We sat in two chairs away from her desk for less formality, more like friends than associates. She’d only been my country director for four months, but she was able to see my work through volunteer committees. She also became a confidant and a protector when situations at my school escalated and I had to leave for a few days.
As the finality of my Peace Corps experience began to set in, my meeting with her as the last of my volunteer responsibilities, I rambled on about what being a volunteer meant to me. It’s true, being in the Peace Corps was not a whim decision or a chance for a two-year vacation for me. My application process alone was two years (not typical) and then there was Niger and the desire to start again. Once I made it to Lesotho and was finally a volunteer, some days were so hard that I threw myself to the ground in tears. But, in this moment, none of that mattered. Deep down, I knew being a volunteer was one of the finest things I had and will ever do. Of all the things I’ve called myself, a Peace Corps volunteer brings the most pride.
As I spoke to my country director, I felt like I was gasping for air, trying to get one more long moment out of this experience before it was over. Yes, I was ready to return to the U.S. but I wasn’t convinced that I was ready to be something other than a volunteer. It didn’t matter, though. The expiration date had come; my time was up. So she signed my papers and I became a returned volunteer.
It’s been a year since I ended my service in Lesotho, a frame of time that seems shockingly long while painfully short. I’ve been a bit anxious about this anniversary because when it hits I will no longer be newly COSed. Rather, another returned volunteer.
Much of my life is foggy from about February till June. I can’t remember what I did or said during a great chunk of this year because, as someone going through emotional pain, I blocked a lot of it out. I didn’t write much. I ran only because I thought I would burst if I didn’t. I drank probably more than I should. I ignored +266 calls. And I was self-absorb into my own misery.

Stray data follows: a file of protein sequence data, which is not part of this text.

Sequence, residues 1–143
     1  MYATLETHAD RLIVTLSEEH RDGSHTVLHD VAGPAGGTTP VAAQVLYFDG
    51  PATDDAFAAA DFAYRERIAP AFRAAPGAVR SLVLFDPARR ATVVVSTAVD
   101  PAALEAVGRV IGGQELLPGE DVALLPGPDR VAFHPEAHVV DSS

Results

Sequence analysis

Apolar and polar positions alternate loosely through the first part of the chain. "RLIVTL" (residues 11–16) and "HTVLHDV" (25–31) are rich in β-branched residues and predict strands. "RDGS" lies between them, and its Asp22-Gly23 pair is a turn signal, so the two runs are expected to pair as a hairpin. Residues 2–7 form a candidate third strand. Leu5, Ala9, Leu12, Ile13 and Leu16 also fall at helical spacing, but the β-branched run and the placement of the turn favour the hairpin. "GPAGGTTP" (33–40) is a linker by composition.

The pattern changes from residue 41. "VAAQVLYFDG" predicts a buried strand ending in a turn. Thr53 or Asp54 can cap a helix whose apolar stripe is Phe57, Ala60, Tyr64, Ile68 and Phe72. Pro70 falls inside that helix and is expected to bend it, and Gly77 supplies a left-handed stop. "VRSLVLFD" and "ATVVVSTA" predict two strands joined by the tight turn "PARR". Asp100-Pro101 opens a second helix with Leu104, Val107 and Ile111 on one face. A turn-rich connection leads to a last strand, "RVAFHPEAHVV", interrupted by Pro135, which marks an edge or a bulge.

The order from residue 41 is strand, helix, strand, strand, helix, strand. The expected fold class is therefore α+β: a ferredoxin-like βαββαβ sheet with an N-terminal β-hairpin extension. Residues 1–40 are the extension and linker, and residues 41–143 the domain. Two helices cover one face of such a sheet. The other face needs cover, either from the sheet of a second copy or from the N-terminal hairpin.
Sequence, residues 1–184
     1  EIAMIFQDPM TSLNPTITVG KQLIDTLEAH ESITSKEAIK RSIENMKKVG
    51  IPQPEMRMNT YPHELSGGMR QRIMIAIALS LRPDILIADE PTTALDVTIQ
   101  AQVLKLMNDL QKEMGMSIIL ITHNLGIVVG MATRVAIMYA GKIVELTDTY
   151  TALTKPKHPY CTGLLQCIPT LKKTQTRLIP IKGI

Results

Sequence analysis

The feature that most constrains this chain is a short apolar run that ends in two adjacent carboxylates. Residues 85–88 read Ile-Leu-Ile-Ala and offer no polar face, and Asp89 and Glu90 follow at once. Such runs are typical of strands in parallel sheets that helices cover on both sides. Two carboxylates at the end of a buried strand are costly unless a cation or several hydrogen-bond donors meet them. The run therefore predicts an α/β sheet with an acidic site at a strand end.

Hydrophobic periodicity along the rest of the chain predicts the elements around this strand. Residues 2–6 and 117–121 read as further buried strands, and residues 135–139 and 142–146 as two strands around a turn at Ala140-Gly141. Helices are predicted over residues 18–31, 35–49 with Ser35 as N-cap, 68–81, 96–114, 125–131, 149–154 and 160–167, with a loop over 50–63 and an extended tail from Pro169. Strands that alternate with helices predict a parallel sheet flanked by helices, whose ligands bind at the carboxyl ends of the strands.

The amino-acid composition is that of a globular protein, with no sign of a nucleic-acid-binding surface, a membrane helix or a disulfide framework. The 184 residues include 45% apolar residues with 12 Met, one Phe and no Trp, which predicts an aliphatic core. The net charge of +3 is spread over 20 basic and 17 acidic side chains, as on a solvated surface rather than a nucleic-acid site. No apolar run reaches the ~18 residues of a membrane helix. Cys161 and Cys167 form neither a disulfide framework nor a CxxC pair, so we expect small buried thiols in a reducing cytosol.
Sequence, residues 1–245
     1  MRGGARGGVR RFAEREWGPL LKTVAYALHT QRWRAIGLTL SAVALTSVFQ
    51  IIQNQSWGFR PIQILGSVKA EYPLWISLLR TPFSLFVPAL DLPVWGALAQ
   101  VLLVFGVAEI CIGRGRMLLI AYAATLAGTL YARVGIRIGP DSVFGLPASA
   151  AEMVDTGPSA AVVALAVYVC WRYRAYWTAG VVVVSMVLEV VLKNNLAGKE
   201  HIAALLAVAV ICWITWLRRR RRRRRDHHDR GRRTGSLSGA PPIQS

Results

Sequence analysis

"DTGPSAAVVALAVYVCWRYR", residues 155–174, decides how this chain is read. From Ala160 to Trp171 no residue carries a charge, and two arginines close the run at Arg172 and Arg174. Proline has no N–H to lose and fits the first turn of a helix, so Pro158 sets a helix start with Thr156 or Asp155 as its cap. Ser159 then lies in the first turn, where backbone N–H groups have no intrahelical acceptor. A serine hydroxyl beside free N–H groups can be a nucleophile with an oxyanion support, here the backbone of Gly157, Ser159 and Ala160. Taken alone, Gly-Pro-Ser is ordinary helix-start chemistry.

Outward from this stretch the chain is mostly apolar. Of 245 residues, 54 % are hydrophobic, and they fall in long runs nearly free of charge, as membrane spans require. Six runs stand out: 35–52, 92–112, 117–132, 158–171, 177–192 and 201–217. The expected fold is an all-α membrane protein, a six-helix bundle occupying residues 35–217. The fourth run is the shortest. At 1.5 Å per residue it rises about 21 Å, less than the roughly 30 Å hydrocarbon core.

Little moments set me off. An ill-fitting skirt. A found Rand in a pocket. Strangers being mean; strangers being nice. A mistake at work. A harsh comparison to someone else’s life. Honesty that could only come out three drinks in. Too much pressure on the not meant to be. I missed Lesotho, a great deal, but something stronger was blazing.
Immediately I put pressure on myself to jump the fence and start building the perfect life. I needed a great job in a great city. I needed hobbies and a raging social life. I needed a boyfriend and a darling apartment. Someone recently told me that he was surprised that I left home so soon after returning. It was good to see all those faces and be in familiar places, but I believed that I had a new life to lead and I needed to begin in it immediately. I told myself that I would land on my feet, but deep down I was terrified that I wouldn’t.
I wanted to leave again. Find myself on the side of the road, flagging down cars for a hitch, or in a forest, lost but not alone with the towering pines. I couldn’t do that, though. I needed to get back to my life, but I didn’t know what life that was.